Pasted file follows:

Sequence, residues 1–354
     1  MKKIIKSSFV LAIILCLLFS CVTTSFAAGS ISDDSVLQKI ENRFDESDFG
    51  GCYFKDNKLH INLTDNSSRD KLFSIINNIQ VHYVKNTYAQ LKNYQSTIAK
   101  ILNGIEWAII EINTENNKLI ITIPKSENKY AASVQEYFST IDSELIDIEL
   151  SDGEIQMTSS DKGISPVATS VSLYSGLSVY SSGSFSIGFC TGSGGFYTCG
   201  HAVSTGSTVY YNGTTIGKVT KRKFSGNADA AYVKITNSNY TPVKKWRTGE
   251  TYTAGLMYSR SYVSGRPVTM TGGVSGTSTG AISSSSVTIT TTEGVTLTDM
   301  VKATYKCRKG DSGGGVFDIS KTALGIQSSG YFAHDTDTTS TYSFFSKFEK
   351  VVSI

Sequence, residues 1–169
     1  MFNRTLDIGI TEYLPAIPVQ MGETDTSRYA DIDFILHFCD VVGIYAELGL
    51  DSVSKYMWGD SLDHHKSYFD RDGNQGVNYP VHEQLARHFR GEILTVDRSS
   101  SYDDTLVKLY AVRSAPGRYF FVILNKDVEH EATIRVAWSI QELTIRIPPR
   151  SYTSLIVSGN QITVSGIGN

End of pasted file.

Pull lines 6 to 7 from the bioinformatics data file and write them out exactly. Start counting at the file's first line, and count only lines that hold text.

   201  HAVSTGSTVY YNGTTIGKVT KRKFSGNADA AYVKITNSNY TPVKKWRTGE
   251  TYTAGLMYSR SYVSGRPVTM TGGVSGTSTG AISSSSVTIT TTEGVTLTDM